Tuesday, June 11, 2013

Dealing with a Laying Worker

We have had some beekeepers calling in asking what is wrong with their queens. They find multiple eggs in the cells and the eggs found in the cells are not centralized. There is no visible queen and the capped brood they find is nothing but drone. 
Photo From: Beesource.com  Photo By: Michael Palmer

These are the sure signs of a laying worker. If a hive becomes queenless for several weeks, a worker can take it upon herself to begin laying eggs. It is the lack of brood that begins this process and because the worker has not mated with drones, the eggs are infertile (they develop into drone brood). This is a frustrating problem because it is hard (near if not completely impossible) to go into the hive, find her, and remove her. She will appear as any other worker. 

A new queen must be introduced in order for the colony to survive but couldn't the colony kill off the new queen? Yes, because the colony could kill off a new queen, we recommend two different methods to get your hive queen right. These methods are not full proof but will give your hive a fighting chance.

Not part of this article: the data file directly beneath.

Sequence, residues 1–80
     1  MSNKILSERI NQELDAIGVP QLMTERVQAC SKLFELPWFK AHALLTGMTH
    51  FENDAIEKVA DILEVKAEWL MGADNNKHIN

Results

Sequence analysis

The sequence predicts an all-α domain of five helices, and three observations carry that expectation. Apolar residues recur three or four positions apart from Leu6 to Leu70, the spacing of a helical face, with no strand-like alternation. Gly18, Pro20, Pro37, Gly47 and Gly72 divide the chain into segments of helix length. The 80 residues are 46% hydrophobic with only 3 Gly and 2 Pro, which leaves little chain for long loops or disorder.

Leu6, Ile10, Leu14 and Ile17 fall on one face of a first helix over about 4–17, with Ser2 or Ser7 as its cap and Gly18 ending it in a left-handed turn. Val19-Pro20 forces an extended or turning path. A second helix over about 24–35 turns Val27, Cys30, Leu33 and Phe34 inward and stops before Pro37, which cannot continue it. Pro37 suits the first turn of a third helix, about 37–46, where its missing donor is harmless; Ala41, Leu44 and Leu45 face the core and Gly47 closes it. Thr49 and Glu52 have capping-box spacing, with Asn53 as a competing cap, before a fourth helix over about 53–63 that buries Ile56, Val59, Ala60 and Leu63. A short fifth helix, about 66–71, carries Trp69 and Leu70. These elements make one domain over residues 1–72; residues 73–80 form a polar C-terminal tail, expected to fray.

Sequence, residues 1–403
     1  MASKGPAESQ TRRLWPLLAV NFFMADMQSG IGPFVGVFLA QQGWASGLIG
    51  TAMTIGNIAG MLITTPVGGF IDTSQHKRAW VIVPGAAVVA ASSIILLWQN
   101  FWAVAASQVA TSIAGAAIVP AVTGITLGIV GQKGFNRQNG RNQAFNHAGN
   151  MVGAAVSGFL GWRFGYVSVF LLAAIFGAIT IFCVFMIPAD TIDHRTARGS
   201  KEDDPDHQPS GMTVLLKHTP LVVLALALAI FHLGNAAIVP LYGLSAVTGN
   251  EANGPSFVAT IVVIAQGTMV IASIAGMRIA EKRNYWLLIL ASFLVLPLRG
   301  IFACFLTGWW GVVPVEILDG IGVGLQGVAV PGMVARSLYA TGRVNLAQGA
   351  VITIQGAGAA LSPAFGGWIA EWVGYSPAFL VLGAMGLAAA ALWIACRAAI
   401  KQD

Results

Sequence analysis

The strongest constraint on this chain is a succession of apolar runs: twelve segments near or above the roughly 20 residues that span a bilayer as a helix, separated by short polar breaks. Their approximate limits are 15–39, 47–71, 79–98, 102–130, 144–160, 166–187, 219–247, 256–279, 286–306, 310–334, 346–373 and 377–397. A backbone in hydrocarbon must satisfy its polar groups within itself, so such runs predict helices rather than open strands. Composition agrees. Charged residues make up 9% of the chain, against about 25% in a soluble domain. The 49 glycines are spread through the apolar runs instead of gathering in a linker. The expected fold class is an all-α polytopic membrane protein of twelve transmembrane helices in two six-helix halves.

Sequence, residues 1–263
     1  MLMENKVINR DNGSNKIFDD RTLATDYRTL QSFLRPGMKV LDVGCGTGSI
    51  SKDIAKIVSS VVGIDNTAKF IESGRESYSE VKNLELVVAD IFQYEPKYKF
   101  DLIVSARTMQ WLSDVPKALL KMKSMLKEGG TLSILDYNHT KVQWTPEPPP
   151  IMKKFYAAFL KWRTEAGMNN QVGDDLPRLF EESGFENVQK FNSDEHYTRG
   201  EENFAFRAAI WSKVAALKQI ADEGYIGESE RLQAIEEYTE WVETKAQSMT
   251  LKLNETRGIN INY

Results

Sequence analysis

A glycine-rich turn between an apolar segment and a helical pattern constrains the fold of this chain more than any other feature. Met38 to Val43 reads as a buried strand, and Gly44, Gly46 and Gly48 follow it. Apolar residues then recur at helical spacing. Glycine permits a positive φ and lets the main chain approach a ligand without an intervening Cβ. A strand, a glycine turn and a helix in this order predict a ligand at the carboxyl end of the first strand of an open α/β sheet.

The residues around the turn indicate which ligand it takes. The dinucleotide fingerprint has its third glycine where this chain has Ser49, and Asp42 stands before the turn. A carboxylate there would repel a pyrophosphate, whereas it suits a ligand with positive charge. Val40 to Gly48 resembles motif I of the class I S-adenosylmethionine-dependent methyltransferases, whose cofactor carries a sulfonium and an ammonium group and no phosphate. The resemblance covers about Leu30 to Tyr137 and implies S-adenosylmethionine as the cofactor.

First: In theory, the laying worker will be heavier due to the fact she is now laying eggs. Move your hive away from its original location (100 yards) and take each frame out, shake off all the bees and return frames into the hive. Do this for each frame until all frames are clear of bees. Return the hive back to its original location. Because the bees are oriented to the original location, they will return to the hive. The laying worker being heavier, she will not be able to return to the hive.

Second: Slowly introduce frames of open brood into the hive. By the third or fourth frame of open brood, your colony will begin rearing a new queen. They will sense the poor/improper production of the laying worker and will want to replace her with a new queen. This method does take more time and more trips to the bee yard.
 In order for the colony to increase the population, it must be queen right. There are many threats that can kill off a queen so be mindful and careful as you inspect your hives. Check for eggs and the brood pattern. If everything appears to be in order, you should be certain your hive is queen right.